Coalition's fate could be decided this weekend

PM and Mofaz push meeting over Tal Law replacement to weekend; Ya'alon, Pleasner continue to bicker over quotas.

Orthodox man prays w soldiers at Wall 390 (photo credit: Marc Israel Sellem)
Orthodox man prays w soldiers at Wall 390
(photo credit: Marc Israel Sellem)
Prime Minister Binyamin Netanyahu and Kadima leader Shaul Mofaz will meet over the weekend in a last-ditch effort to reach an agreement on equalizing the burden of IDF service and save their national-unity government.
The two leaders did not meet Thursday while the representatives they appointed to draft a new universal service bill, Vice Premier Moshe Ya'alon (Likud) and MK Yohanan Plesner (Kadima) continued to bicker over whether there should be quotas limiting the number of yeshiva students permitted to avoid the draft and what sanctions should be taken against evaders.
Ya'alon, coalition chairman Ze'ev Elkin, and Netanyahu's attorney David Shimron met late Thursday night with Kadima legal adviser Sa'ar Pinto and the director of Plesner's Keshev Committee, Aviad Friedman. Plesner was not expected to attend because his daughters were unwell.
Plesner's absence was seen by Likud officials as a blessing. They blamed him for the lack of success in the talks so far.
"If someone else from Kadima, would have negotiated with me, I am sure a solution would have been found by now," Ya'alon said. "From the beginning, Plesner came to fight, not to make a deal."
Plesner's spokeswoman responded that he would not respond to personal attacks and that Plesner was continuing to try to find the middle ground.
Ya'alon said Netanyahu’s government would survive if Kadima opted to leave. The coalition would fall back from 94 seats to 66.
“We have a very large and stable coalition, but it might be that the Tal legislation might create a crisis in the coalition between us and Kadima,” Ya’alon said at a Jerusalem conference organized by The Israel Project.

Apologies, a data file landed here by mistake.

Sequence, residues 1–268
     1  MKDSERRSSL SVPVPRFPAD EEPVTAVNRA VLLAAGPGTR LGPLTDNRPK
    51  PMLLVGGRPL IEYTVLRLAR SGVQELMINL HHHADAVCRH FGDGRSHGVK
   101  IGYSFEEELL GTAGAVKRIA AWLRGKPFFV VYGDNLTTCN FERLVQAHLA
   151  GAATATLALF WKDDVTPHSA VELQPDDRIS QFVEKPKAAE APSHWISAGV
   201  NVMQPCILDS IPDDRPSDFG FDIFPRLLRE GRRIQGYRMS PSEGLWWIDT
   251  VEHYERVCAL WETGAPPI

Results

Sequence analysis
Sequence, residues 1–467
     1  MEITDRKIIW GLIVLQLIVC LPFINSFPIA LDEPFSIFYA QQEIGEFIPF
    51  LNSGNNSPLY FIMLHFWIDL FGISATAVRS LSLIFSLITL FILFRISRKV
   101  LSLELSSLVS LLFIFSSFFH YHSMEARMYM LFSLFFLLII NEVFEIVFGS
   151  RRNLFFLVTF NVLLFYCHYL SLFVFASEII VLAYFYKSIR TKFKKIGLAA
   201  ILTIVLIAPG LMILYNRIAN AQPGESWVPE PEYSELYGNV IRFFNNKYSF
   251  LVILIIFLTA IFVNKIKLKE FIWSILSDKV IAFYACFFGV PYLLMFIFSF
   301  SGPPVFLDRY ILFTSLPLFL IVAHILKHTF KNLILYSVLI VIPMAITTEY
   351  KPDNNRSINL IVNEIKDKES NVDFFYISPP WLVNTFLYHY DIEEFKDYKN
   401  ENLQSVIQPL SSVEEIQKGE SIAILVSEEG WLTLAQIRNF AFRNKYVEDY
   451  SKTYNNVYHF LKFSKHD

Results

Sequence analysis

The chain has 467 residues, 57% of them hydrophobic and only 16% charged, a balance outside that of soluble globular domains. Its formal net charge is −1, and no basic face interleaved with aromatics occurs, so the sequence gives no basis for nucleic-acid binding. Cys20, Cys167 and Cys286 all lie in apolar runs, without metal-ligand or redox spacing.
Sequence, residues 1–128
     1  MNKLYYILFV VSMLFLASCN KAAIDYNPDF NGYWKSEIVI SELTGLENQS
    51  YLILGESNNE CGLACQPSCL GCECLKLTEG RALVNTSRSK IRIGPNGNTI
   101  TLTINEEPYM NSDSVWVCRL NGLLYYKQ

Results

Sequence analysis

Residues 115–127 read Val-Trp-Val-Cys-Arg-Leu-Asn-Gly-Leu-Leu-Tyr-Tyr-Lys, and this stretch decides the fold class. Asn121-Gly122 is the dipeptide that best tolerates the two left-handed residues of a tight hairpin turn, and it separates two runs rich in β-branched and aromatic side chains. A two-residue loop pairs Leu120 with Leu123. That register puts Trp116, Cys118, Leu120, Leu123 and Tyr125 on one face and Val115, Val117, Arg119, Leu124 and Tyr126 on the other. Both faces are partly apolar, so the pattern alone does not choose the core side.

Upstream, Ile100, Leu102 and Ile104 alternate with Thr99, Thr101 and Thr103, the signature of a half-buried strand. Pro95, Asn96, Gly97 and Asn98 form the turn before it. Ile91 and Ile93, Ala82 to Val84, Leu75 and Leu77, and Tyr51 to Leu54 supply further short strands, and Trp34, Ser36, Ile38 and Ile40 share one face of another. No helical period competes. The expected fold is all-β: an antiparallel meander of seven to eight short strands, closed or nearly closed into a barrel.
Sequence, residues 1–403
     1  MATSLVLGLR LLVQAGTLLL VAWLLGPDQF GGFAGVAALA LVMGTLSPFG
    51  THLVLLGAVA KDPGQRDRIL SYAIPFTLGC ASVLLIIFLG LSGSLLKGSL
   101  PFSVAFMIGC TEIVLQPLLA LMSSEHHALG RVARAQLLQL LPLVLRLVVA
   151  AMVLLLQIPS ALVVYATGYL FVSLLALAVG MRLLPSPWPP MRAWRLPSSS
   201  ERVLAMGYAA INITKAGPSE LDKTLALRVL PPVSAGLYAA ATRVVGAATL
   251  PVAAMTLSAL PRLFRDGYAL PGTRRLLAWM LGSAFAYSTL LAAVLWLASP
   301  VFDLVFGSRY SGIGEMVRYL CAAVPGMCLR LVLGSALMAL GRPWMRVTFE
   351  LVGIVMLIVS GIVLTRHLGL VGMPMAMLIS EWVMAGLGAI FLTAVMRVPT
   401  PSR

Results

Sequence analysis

He said that in the coming days, the disagreement between the two parties over the best way to draft ultra-Orthodox and Israeli Arabs into the IDF, “might create a crisis in which the coalition will be smaller, but we can survive.”
Ya'alon said the two sides may not be able to reach an agreement by the Supreme Court's August 1 deadline, in which case the Defense Ministry could legally draft every yeshiva student but would decide not to while a solution is pending.
Ya’alon explained that the differences boiled down to two approaches. His proposal of a gradual draft, in which the number of ultra-Orthodox drafted into the IDF would increase every year. Plesner, he said, wanted a target date of 2016, by which the draft would be mandatory for all ultra-Orthodox who do not have student exemptions.
“I support doing it gradually by having quotas from year to year,” he said, suggesting staggered options for entering the IDF at different ages, so that possibility exists from age 18 to 26.
“The other way is to put a deadline of 2016, by which all the ultra-Orthodox youngsters will either be recognized as students or forced to serve,” he said.
“I believe [the 2016 option] it is too much. When we talk about sanctions for those who will not be ready to be drafted into the military in 2016 and will be imprisoned, for them it is like declaring war.”
Ya’alon said there has been a gradual increase in the number of ultra-Orthodox who enter the army, from 300 in 2007 to 2,400 last year. He added that he would like to see that number hit 6,000 by 2016.
Similarly, he said, the number of Israeli Arabs who participate in a civil service options has also increased from zero to 2,000 last year. In the new legislation 5,000 Israeli Arabs would be drafted into civil service by 2016.
Ya’alon said he found such increases encouraging.

Lahav Harkov contributed to this report